Some more short reports

(The first three reports are taken from the Ordinariate facebook page)


Fr David Mawson writes:

“The Shrewsbury Group held a ‘Called To Be One Day’ exploration meeting at St Winfride’s Catholic Church in Shrewsbury which is part of the Shrewsbury Cathedral parish. Led by Father David Mawson it was attended by about 15 people – roughly half of whom were Catholics from the Cathedral parish and half Anglicans. After an introduction about the background to the Ordinariate and a clarification of terminology which might be found confusing the DVD was shown. Father David shared his own story and a discussion followed which was found very helpful by all involved. Many misunderstandings seem to have been resolved and misconceptions corrected. Refreshments were followed by Evening Prayer in the Anglican tradition. An encouraging exercise which may well bear useful fruit.”


Fr Ivan Dominic Aquilina writes:

“Around twenty people gathered for our event in Westerham Catholic Church organised by the Sevenoaks Ordinariate Group. We started by prayers from our devotional patrimony and followed with the DVD done for the occasion. Two members of the group gave their testimony about why they did the journey into the Catholic Church. Both said that it was one of the best things they did in their life and expressed their joy in doing so. The testimony of these two members was truly moving. The event ended with opportunity for comments and questions and the Angelus followed by a prayer to Blessed John Henry Newman. Tea and cake was enjoyed by all. As a follow-up we are going to organise the “Why course”. There are potential candidates as a result considering their reception in the Catholic Church.


Father David Elliott writes:

CTB1 2014 Reading 3“At Reading we had a very successful Evensong and Benediction service at St James’ by the Forbury. A good number of local Anglicans and Catholics attended as well as one or two from other denominations. The sermon focused on how we can work together more as Catholics and Anglicans in Reading to influence the area in which we live, create a sense of unity as regards national debates, and pray more together for current international situations such as the catastrophe in Iraq at this time. The choir sang Walmisley’s Magnificat and Nunc Dimittis in D minor, ‘O thou the Central Orb’ by Charles Wood, and Herbert Howells’ ‘Salve Regina’.”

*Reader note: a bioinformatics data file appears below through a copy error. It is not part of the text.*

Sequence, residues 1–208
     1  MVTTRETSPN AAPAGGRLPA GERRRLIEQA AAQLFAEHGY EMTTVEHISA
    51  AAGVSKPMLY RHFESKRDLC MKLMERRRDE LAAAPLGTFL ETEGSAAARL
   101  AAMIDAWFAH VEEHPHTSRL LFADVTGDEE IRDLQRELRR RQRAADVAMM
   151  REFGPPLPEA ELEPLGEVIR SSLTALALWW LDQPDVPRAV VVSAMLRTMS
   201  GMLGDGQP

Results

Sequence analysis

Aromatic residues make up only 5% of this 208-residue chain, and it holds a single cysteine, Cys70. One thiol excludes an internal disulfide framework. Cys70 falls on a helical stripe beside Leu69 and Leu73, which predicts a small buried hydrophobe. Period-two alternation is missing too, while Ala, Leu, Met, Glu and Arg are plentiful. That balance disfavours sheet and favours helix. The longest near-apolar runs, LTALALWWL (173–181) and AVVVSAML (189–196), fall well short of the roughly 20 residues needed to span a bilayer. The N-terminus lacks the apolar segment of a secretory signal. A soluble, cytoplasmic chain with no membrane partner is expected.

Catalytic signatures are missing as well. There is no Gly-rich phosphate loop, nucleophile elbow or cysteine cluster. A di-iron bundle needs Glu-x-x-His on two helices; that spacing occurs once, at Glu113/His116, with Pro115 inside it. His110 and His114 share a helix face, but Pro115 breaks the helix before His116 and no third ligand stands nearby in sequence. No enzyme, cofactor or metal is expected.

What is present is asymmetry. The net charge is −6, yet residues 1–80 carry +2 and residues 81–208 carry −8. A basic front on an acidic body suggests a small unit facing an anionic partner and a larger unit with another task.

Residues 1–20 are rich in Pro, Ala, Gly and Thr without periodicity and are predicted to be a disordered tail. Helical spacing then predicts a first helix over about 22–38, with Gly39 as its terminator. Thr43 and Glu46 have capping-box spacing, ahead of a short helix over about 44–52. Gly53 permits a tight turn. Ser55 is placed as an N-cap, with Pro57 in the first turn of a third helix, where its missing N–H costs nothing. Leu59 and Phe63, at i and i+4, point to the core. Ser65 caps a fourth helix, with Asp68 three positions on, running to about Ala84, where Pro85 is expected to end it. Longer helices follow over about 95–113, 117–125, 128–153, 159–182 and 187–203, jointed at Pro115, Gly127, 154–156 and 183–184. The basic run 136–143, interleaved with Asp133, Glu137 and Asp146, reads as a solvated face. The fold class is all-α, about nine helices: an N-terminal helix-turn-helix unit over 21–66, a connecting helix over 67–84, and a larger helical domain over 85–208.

Jackie Brooks writes:

“Our preparations for “The Day” consisted of organizing with the John Fisher School – over a long period of time – for their choir to sing BCP Evensong and Benediction for us (they had not done this before so it was quite unfamiliar to them). Printing the necessary service books for the congregation, and the suggested Mass Cards to be given out. Making arrangements for the Lunch. Arranging for a speaker and introduction for the DVD.
Advertising was mainly with the posters supplied. The Croydon Visitors Centre were eager to take an A3 poster and the threefold leaflets. It was difficult to persuade others to put up posters. Some were taken to the local hospital by one of our group. The local paper put a piece in their paper on the 5th September.
There was a pleasing turnout (over 70) of interested people who shared fully in the day. There was a very motivated question time with interesting and sensible questions (which Mgr. Keith was able to answer).
Mgr. Keith sang Evensong and Benediction with the choir which numbered around 30 – 35 boys and of course their parents and relations came to hear them making our numbers up to well over 100 and many joined us for some refreshments afterwards.
In all it was a very pleasant day which everybody seemed to enjoy and appreciate. (Hard work but hopefully worth it!!)”

The Black Country (Wombourne)

Fr John Lungley writes: